Further down the coast is the East Sea Fleet with orientation towards Taiwan and the Pacific Ocean encompassing the seas from Lianyungang to Dongshan and equating with the Nanjing Military Region and seaward. 19   Major naval bases are located at Ningbo, Zhoushan, Shanghai, and Fujian. Minor bases are situated at Zhenjiangshan, Wusong, Xiaxiang, Wenzhou, Sanduo, Xiamen, Xingxiang, Quandou, Wenzhou SE and Wuhan. During the period when the Taiwanese repeatedly bombarded the coastal region of China and intruded into the second largest industrial and agricultural belt of the country, the East Sea Fleet was tasked to counter these onslaughts. This is one of the reasons for the presence of the highest number of large surface combatants in this fleet. 20   However, it was only after a prolonged effort that this fleet could deter the Taiwanese and acquire a modicum of sea superiority in the Straits. Nevertheless, to this day, due to the impact of the Cold War, and as a result of the US-Taiwan relations and the Taiwan Straits crisis of 1958, Taiwan is still in control of many islands off its shores. The PRC, despite its best efforts, could not recover these islands, including Taiwan. With the unification of China on top of the agenda of the PRC leadership, and signs of an “independence movement in Taiwan”, the East Sea Fleet is expected to play a crucial role in the coming years.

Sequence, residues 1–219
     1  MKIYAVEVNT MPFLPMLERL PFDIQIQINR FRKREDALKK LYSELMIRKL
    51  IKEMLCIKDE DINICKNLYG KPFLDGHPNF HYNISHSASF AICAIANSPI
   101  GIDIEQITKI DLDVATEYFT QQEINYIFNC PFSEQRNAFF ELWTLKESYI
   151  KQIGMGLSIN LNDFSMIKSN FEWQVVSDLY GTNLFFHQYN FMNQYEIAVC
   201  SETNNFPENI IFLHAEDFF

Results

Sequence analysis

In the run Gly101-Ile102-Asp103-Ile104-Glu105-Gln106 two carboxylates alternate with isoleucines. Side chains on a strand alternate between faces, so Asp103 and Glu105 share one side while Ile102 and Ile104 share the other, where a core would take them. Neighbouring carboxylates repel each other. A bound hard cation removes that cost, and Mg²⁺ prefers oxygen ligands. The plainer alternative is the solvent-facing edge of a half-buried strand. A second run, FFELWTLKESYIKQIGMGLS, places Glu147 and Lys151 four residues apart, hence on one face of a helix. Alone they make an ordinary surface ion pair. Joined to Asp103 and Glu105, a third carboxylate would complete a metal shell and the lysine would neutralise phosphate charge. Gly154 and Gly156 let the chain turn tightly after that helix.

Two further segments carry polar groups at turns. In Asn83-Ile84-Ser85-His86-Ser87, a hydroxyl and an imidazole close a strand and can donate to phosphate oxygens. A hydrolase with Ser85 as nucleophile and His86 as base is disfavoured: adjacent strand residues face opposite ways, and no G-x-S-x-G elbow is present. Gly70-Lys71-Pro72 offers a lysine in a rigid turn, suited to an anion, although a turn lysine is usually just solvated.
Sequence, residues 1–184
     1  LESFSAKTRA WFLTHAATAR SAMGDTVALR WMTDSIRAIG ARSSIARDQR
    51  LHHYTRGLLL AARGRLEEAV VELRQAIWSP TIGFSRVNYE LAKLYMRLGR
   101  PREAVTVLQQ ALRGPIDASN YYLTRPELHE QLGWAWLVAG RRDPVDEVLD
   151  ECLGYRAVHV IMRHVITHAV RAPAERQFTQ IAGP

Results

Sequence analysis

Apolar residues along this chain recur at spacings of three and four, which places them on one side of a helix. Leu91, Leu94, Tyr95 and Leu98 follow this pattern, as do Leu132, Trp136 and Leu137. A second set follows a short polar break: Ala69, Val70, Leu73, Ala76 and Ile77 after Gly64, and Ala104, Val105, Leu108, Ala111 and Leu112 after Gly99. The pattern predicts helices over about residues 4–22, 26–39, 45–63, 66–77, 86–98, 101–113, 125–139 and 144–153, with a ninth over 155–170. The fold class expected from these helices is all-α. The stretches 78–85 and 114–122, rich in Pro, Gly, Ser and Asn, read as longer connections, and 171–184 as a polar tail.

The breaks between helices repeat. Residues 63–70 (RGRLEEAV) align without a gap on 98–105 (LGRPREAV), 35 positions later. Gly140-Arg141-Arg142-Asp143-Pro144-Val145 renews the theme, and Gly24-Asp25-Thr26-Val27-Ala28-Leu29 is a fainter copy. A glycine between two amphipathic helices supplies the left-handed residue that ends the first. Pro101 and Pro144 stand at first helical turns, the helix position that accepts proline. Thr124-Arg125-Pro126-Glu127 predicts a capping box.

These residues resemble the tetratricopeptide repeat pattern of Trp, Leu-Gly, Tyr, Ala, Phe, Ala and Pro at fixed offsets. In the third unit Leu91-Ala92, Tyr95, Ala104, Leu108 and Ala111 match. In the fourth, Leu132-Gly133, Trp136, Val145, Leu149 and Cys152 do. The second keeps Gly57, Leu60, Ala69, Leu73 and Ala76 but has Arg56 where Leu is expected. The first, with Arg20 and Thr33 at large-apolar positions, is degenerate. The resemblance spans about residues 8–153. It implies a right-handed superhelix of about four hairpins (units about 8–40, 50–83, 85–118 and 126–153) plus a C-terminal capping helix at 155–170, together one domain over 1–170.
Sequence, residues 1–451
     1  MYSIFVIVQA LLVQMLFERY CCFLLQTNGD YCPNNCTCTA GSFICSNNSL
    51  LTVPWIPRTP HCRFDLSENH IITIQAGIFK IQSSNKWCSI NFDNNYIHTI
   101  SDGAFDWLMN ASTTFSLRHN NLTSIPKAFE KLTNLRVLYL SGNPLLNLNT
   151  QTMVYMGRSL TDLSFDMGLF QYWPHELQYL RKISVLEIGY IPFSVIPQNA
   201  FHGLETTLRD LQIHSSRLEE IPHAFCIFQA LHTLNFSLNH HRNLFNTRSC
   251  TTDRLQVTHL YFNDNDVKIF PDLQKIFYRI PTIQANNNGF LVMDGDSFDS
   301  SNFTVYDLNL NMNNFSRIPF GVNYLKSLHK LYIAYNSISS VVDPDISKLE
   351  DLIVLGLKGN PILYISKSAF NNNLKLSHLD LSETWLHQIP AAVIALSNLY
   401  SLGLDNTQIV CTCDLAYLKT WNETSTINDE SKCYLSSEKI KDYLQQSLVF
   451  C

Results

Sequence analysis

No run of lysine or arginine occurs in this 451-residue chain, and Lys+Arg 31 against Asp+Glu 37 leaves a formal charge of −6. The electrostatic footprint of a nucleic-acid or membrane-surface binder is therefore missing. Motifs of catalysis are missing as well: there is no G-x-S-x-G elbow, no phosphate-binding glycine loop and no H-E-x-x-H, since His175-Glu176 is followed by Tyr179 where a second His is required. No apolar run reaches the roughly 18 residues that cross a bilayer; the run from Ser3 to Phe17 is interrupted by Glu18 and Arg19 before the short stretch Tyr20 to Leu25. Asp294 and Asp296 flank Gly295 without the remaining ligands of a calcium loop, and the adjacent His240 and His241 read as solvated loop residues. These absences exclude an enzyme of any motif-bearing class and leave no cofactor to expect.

The South Sea Fleet had been a relatively weaker fleet in the early years of the development of the PLAN compared with the other two fleets. Its orientation is towards South-East Asia and Australia with an area of responsibility from Dongshan to the Gulf of Tonkin, seaward off Guangzhou Military Region. Major bases of this fleet are located at Zhanjiang (headquaters), Yulin and Guangzhou with minor ones at Haikou, Huangfu, Shantou, Humen, Guanquang, Zun, Mawei, Guanzhong, Beihai, Pingtan, Shanzhoushi, Dangjiahuan, Longmen, Bailong, Dongcun, Baimajing, and Xiachuandao. Given the future projections of the PRC, the South Sea Fleet has been acquiring a new thrust in terms of men and material and could play a decisive role in the resolution of the territorial disputes in the South China Sea. With the shifting of economic progress from the north-east and east towards the south-east coastal regions, reverting of Hong Kong to China in 1997, protecting sovereignty rights and maritime trade emanating to and from the Special Economic Zones and one of the largest free trade ports in this region, would be an added responsibility for this fleet.